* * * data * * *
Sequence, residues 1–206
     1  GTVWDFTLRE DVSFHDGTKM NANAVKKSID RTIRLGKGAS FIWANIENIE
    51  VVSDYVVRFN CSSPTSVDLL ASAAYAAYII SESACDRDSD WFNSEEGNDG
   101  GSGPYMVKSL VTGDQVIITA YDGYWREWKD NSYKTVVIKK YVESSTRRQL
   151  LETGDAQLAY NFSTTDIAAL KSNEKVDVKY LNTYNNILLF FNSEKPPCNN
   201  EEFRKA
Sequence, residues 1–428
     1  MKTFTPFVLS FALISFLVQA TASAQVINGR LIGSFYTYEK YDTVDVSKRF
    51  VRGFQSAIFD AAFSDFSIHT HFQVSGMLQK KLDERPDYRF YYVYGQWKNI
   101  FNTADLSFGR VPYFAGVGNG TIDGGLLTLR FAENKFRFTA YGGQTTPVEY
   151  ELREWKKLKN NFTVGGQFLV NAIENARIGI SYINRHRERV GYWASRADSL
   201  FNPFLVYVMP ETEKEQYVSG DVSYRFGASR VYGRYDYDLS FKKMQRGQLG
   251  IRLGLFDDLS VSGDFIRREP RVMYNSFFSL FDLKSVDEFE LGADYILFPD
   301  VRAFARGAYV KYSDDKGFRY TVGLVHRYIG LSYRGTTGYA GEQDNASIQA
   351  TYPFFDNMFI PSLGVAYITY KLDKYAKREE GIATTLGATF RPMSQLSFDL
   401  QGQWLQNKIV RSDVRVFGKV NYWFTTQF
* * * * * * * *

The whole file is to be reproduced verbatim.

Sequence, residues 1–206
     1  GTVWDFTLRE DVSFHDGTKM NANAVKKSID RTIRLGKGAS FIWANIENIE
    51  VVSDYVVRFN CSSPTSVDLL ASAAYAAYII SESACDRDSD WFNSEEGNDG
   101  GSGPYMVKSL VTGDQVIITA YDGYWREWKD NSYKTVVIKK YVESSTRRQL
   151  LETGDAQLAY NFSTTDIAAL KSNEKVDVKY LNTYNNILLF FNSEKPPCNN
   201  EEFRKA
Sequence, residues 1–428
     1  MKTFTPFVLS FALISFLVQA TASAQVINGR LIGSFYTYEK YDTVDVSKRF
    51  VRGFQSAIFD AAFSDFSIHT HFQVSGMLQK KLDERPDYRF YYVYGQWKNI
   101  FNTADLSFGR VPYFAGVGNG TIDGGLLTLR FAENKFRFTA YGGQTTPVEY
   151  ELREWKKLKN NFTVGGQFLV NAIENARIGI SYINRHRERV GYWASRADSL
   201  FNPFLVYVMP ETEKEQYVSG DVSYRFGASR VYGRYDYDLS FKKMQRGQLG
   251  IRLGLFDDLS VSGDFIRREP RVMYNSFFSL FDLKSVDEFE LGADYILFPD
   301  VRAFARGAYV KYSDDKGFRY TVGLVHRYIG LSYRGTTGYA GEQDNASIQA
   351  TYPFFDNMFI PSLGVAYITY KLDKYAKREE GIATTLGATF RPMSQLSFDL
   401  QGQWLQNKIV RSDVRVFGKV NYWFTTQF